Mar 23, 2015
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Elliott emits ray of pragmatism in Argentina feud

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The author is a Reuters Breakingviews columnist. The opinions expressed are his own.

Elliott Management has emitted the merest glimmer of pragmatism in its feud with Argentina. The hedge fund, with a U.S. judge’s approval, will allow Citigroup to process two of the country’s bond payments, despite an earlier court-ordered block. It’s a concession to cover the bank’s back, not a broader shift in the intractable spat between holdout creditors and Argentina. But it may qualify as progress.

Mar 23, 2015
via Breakingviews

Elliott emits ray of pragmatism in Argentina feud

Photo

The author is a Reuters Breakingviews columnist. The opinions expressed are his own.

Elliott Management has emitted the merest glimmer of pragmatism in its feud with Argentina. The hedge fund, with a U.S. judge’s approval, will allow Citigroup to process two of the country’s bond payments, despite an earlier court-ordered block. It’s a concession to cover the bank’s back, not a broader shift in the intractable spat between holdout creditors and Argentina. But it may qualify as progress.

Mar 11, 2015
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Silicon Valley sexism case tests new M&M color

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By Reynolds Holding

The author is a Reuters Breakingviews columnist. The opinions expressed are his own.

Silicon Valley’s latest sexism trial is testing a new flavor of M&M’s. Venture capitalists at Kleiner Perkins Caufield & Byers didn’t slip the button-sized chocolates down a woman’s blouse, behavior that prompted a $3.5 million judgment against a law firm’s Palo Alto office two decades ago. But they’re charged with unfairly blocking a female’s rise to the top. It’s a subtler, more toxic type of discrimination that suggests little has changed in the technology world’s ecosystem.

Mar 4, 2015

Breakingviews: Now (finally) playing: royalties for online music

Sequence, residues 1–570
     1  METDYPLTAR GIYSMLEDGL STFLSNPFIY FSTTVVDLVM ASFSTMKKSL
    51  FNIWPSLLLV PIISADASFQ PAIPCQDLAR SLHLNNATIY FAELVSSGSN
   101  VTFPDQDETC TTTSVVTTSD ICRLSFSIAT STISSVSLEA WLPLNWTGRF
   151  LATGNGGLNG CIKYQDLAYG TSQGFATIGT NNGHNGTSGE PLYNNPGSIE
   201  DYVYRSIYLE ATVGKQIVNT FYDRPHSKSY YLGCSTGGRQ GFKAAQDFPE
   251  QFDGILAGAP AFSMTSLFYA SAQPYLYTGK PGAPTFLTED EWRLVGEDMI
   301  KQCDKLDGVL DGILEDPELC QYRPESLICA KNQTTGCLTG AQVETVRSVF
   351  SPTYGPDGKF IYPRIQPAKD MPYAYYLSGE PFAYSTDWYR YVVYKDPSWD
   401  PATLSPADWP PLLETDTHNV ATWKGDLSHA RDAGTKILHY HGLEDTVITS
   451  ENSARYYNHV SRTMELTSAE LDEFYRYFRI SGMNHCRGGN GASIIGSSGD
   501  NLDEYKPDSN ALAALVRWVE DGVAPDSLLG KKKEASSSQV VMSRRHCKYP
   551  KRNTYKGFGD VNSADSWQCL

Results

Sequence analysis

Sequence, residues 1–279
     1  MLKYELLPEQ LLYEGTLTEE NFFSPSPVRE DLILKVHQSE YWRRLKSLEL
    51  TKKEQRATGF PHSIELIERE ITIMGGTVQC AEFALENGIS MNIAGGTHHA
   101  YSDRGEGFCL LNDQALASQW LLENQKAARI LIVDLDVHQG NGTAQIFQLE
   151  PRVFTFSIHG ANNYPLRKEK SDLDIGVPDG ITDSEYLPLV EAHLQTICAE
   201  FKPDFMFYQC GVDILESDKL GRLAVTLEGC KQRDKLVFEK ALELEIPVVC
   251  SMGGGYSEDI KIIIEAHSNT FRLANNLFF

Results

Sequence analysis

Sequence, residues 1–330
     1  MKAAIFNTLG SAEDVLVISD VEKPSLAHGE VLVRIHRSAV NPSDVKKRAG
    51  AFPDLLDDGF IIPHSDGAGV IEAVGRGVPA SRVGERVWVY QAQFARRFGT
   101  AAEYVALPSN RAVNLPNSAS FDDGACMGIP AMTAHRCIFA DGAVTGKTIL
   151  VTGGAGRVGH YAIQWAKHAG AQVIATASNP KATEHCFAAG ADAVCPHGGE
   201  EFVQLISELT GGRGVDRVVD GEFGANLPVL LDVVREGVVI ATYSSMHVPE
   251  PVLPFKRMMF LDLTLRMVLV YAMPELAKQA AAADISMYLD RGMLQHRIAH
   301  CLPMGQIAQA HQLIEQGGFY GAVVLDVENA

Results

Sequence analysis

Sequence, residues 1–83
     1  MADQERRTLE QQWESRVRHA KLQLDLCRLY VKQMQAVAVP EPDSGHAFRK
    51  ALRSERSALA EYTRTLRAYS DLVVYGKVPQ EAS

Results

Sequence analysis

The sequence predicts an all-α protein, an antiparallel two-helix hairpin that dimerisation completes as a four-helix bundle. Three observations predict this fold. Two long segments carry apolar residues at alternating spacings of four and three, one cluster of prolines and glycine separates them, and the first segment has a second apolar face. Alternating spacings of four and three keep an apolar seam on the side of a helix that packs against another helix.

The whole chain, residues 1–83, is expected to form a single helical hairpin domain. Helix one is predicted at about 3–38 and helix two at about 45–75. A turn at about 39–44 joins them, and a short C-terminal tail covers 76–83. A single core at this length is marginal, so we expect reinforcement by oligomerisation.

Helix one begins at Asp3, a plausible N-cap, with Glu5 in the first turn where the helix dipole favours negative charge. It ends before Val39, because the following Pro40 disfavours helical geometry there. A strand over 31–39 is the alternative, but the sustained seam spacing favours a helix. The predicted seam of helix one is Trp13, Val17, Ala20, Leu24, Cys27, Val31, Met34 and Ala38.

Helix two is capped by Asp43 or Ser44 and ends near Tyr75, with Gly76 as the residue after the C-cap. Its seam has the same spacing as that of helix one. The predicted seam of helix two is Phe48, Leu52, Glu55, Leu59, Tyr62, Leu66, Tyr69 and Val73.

By Reynolds Holding

NEW YORK (Reuters Breakingviews) – Online music is starting
to sing licensing agencies’ tune. The American Society of
Composers, Authors and Publishers says it collected over $1
billion in royalties for the first time last year and
distributed a record $883 million, much of it for songs streamed
over the internet. Even so, a system that often pays artists
less than a penny per play needs a rewrite.

A century ago, ASCAP helped its members earn money from
their work by selling blanket performance licenses and passing
along the proceeds. In 1941, trustbusters clipped its power to
set rates. But the system worked well enough for ASCAP and rival
BMI until internet streaming came along, changing how people
listen to music and prompting the two to demand higher fees.

    • About Reynolds

      "Reynolds Holding is a Breakingviews columnist who writes from New York about the law in conjunction with Reuters Legal. Before joining Breakingviews, he was a national editorial producer for the Law & Justice Unit at ABC News, a senior writer for Time magazine and the executive editor of Legal Affairs, the first general interest magazine about the law. He spent more than a decade as an investigative reporter and columnist for The San Francisco Chronicle, where he was named a Pulitzer Prize finalist for explanatory writing. Before becoming a journalist, he practiced corporate law at the New York firm of ..."